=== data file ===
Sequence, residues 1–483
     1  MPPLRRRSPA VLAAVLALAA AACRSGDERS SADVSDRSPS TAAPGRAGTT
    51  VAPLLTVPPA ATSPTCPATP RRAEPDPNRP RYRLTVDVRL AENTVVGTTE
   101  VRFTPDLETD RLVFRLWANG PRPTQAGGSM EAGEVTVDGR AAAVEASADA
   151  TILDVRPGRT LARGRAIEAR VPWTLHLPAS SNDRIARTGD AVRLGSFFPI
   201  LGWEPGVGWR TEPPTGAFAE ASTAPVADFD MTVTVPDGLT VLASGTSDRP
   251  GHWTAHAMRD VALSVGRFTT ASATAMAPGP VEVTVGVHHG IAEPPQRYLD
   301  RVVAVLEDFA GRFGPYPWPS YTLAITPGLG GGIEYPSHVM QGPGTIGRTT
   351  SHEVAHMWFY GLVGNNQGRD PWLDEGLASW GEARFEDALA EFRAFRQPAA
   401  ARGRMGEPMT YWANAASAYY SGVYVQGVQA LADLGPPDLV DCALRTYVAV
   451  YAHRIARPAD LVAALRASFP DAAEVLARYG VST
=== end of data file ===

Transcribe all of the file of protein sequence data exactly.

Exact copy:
Sequence, residues 1–483
     1  MPPLRRRSPA VLAAVLALAA AACRSGDERS SADVSDRSPS TAAPGRAGTT
    51  VAPLLTVPPA ATSPTCPATP RRAEPDPNRP RYRLTVDVRL AENTVVGTTE
   101  VRFTPDLETD RLVFRLWANG PRPTQAGGSM EAGEVTVDGR AAAVEASADA
   151  TILDVRPGRT LARGRAIEAR VPWTLHLPAS SNDRIARTGD AVRLGSFFPI
   201  LGWEPGVGWR TEPPTGAFAE ASTAPVADFD MTVTVPDGLT VLASGTSDRP
   251  GHWTAHAMRD VALSVGRFTT ASATAMAPGP VEVTVGVHHG IAEPPQRYLD
   301  RVVAVLEDFA GRFGPYPWPS YTLAITPGLG GGIEYPSHVM QGPGTIGRTT
   351  SHEVAHMWFY GLVGNNQGRD PWLDEGLASW GEARFEDALA EFRAFRQPAA
   401  ARGRMGEPMT YWANAASAYY SGVYVQGVQA LADLGPPDLV DCALRTYVAV
   451  YAHRIARPAD LVAALRASFP DAAEVLARYG VST